Hello!

This time we are trying to detect muons created through collisions of the cosmis radiation with particles of our atmosphere.

Muons are elementary particles belonging to the group of the leptons (falsely also named µ-meson) with a "middle" mass (207 times heavier than an electron). They have an average half life of just 2.2 µsek. To pass the atmosphere (20km) it takes more than 67 µsek even with the Speed of light. Therefore muons shouldn't be detected on ground, but we do. The reason is, that moving clocks go slower. For the fast muons time goes slower and so they can reach the ground. This can be seen from the two different decay-Graphs. Muons decay in electrons (Positrons) and neutrinos.

## Step 1: Parts You Need

To detect the muons you just need

## Step 2: Why Water?

Goes a particle through a material faster than light the so-called cherenkov-radiation is emitted. In water (refractive index n = 4/3) the speed of light is c_medium = c_vacuum / n_medium = 300.000 / (4/3) = 225.000 km/s.

So if a muon goes through water with a velocity faster than 225.000 km/s cherenkov-light will be emitted by the muon. This light can be detected with the PMT and the "light"-pulses counted.

By the way cherenkov-light can be seen in nuclear power plants too. In the cooling pool for the old fuel rods the nuclear radiation consisting of neutrons and other particles is responsable for that...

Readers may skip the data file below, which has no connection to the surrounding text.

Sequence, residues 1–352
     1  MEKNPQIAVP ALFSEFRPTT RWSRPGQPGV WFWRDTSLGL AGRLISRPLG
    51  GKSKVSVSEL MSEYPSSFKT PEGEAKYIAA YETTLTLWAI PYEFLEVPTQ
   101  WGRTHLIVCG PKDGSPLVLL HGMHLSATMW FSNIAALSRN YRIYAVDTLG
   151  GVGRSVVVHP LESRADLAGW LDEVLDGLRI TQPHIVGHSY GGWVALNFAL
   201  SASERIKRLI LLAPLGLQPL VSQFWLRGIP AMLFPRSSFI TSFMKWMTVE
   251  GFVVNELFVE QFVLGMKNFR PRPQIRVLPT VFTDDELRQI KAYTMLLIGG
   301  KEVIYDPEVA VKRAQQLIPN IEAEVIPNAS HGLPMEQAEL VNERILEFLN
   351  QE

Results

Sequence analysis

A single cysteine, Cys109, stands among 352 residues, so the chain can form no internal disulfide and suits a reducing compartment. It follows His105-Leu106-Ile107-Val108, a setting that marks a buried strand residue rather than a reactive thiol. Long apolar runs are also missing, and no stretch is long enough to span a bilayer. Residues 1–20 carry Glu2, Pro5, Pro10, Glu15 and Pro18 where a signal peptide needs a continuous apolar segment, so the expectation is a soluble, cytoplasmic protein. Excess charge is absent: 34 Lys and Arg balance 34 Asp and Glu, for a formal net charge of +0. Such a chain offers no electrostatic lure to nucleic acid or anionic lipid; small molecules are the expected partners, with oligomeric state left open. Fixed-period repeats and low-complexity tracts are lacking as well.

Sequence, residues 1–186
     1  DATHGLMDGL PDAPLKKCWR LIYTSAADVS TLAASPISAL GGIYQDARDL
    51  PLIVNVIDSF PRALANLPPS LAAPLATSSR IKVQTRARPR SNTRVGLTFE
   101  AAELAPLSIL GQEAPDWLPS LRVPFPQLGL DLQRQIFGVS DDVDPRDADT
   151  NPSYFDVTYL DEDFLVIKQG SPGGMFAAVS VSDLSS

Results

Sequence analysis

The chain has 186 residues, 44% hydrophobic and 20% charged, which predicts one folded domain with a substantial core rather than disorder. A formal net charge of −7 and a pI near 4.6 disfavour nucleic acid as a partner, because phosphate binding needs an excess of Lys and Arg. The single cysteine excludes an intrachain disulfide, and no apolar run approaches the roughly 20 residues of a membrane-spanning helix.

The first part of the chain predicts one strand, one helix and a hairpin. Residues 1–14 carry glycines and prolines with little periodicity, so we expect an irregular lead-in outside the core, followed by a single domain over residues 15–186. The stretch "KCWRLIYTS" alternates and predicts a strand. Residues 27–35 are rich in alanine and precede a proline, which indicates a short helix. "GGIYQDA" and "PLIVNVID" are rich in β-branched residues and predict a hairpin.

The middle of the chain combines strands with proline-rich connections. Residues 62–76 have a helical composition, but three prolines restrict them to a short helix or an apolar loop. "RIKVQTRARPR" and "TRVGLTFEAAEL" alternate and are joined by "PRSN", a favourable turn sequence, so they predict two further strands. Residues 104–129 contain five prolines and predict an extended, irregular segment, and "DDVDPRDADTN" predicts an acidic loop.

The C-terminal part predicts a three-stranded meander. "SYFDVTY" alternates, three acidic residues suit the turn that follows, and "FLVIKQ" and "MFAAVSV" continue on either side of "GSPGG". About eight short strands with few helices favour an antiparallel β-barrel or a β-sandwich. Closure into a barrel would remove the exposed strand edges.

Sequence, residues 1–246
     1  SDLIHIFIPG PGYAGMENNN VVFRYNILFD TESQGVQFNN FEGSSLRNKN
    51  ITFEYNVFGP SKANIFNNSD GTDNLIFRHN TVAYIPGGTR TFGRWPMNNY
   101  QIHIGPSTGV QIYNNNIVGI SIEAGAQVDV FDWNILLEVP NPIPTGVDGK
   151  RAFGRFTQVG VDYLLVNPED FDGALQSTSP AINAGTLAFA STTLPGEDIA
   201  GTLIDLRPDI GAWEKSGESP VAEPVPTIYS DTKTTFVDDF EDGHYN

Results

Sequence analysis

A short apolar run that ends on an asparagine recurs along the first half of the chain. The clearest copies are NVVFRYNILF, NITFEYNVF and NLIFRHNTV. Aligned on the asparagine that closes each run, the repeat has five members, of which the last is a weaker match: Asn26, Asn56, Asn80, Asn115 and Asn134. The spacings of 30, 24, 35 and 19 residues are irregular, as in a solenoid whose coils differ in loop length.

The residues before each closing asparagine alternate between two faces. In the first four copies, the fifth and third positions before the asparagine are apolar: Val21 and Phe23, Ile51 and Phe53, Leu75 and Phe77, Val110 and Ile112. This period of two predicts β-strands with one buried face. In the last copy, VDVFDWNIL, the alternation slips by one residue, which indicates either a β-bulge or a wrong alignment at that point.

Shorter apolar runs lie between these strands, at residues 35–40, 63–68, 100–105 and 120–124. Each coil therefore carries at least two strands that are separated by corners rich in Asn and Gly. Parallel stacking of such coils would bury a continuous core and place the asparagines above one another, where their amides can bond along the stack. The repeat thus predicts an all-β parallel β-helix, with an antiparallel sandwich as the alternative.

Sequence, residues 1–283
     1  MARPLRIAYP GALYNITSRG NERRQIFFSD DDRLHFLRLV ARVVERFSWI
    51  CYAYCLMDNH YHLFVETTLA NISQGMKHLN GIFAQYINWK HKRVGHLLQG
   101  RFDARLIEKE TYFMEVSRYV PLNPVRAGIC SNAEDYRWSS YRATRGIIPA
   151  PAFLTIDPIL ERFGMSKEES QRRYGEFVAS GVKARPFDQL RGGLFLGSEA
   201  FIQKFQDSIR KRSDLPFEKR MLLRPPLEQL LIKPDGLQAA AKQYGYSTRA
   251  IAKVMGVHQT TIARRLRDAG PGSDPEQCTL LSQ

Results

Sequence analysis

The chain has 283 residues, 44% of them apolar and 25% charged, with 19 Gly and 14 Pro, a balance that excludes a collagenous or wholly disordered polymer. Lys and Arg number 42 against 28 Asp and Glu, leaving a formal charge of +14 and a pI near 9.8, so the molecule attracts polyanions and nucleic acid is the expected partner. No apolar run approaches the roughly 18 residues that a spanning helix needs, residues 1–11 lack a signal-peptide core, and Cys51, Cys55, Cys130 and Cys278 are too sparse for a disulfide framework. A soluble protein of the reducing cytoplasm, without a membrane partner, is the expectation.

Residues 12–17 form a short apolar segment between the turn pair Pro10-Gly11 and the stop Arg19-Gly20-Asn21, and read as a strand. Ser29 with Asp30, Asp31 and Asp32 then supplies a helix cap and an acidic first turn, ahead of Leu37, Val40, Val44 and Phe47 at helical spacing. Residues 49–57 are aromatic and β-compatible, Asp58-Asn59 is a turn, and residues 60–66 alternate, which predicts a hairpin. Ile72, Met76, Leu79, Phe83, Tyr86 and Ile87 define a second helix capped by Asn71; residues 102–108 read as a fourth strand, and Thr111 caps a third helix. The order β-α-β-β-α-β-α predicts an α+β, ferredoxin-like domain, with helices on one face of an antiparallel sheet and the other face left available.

## Step 3: Results

To be sure that the muons cause the peaks I made three rounds. First I took the empty can and counted the pulses within 10 minutes (53). Than I filled the can with distilled water and measured once more. Now I was able to detect 81 pulses within 10 min. After this I poured out the can and repeated the measurement with the result of 46 peaks. So water increased the number of pulses significantly, heureka ;-)

Maybe you're interested in my other Videos: https://www.youtube.com/user/stopperl16/videos

<p>i was wondering if you knew if using a viscous liquid would produce a faster count rate?</p>
<p>Cool project, man!</p><p>Could you send me the schematic, please?</p><p>darau.marius@yahoo.com</p><p>Thank you!</p>
<p>Hello! This is awsome :)</p><p>Could you please also send to me the circuits and the parts?</p><p>email: brunosigg05@gmail.com</p>
<p>I've send you the circuits ;-)</p>
Thank you :)
<p>WOW that is so cool man.<br>I would love to make it.Can you please explain about the components and their connections please.</p>
<p>Hi!</p><p>First you'll Need a negative voltage, around -900V. For this you can use a CCFL-Inverter. For the Receiver you will need some OPA's to convert and amplify the Signal and count the Peaks. Maybe you can tell me your email-address, then I can send you some circuits ;-)</p>
Hi, could you also send them to me? Rlphfgr@gmail.com
<p>Hey, I'm also interested in the circuits and the parts, thank you in advance!<br><br>email: Control.yay@gmail.com</p>
<p>sure man.I'll gather around some parts and keep you updated.</p><p>my email is nkortikar123@gmail.com</p>
<p><a href="https://www.instructables.com/id/A-low-cost-way-to-test-the-elasticity-of-space-tim/">https://www.instructables.com/id/A-low-cost-way-to-...</a></p>
<p>Nice. Did you see my instructable on proving the elasticity of space time?</p>